Employment Law Questions? Ask an Employment Lawyer.
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From what date does the clock start ticking? The last day of the written contract? The day of wrongful termination?
The SOL starts running from the date of the "injury" or "breach" which here would be the date of the wrongful termination.
Could it be argued that the 5-year time-clock is then moved further out due to that?
No, the SOL is fixed in stone and if someone doesn't file a legal action prior to it expiring, then they lose the right to pursue a cause of action. But if you have already filed a lawsuit, then it doesn't make any difference how long it takes to finally get to court. The SOL is just the time limit for someone to start a lawsuit, not conclude it. So as long as you filed suit within the SOL for the breach, then you aren't affected by the SOL.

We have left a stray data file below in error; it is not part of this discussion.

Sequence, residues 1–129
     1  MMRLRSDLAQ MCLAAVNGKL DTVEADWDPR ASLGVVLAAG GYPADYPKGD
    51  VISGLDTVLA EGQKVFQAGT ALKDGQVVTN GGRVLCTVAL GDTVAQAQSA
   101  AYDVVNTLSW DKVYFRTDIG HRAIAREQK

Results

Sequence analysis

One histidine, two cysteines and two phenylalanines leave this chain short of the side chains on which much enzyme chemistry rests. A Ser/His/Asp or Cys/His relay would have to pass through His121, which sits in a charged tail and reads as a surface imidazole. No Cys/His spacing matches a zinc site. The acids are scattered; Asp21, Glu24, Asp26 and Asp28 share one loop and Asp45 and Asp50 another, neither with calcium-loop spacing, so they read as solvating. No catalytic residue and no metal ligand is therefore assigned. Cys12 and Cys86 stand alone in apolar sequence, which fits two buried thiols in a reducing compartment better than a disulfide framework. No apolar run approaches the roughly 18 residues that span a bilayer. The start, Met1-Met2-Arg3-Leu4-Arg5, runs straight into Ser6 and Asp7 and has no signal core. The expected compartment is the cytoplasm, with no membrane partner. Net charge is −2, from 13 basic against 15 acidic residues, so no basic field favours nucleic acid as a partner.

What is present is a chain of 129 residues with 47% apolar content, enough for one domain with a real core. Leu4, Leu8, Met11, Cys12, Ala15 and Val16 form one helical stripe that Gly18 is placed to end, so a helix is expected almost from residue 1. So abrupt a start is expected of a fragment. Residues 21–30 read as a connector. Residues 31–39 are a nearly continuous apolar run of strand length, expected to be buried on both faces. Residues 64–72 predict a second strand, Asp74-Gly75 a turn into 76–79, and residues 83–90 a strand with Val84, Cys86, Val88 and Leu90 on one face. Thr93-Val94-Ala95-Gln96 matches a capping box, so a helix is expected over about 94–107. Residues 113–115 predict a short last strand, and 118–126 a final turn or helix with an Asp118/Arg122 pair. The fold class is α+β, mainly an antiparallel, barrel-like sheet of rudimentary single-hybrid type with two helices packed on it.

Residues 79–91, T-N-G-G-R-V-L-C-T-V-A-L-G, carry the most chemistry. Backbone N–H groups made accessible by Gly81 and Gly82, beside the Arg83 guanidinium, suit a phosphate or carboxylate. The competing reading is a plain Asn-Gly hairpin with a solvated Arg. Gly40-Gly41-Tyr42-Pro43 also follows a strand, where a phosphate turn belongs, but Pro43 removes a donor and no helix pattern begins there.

That means that the case is dismissed forever so it can't be refiled. If it was dismissed without prejudice, then it could be refiled as long as the SOL hasn't run. They are likely trying to dismiss for "failure to prosecute" which means that you haven't moved forward with the lawsuit in a long time and taken any action. Courts like lawsuits to move along in an orderly and timely manner and that can give grounds to dismiss.
However, you could respond to their motion by defending based on the defendant continually changing attorneys so as to circumvent your efforts to proceed.
Assuming that you responded and defended, the judge would likely dismiss their motion but put you under a deadline to either move forward with the case or it would be dismissed.
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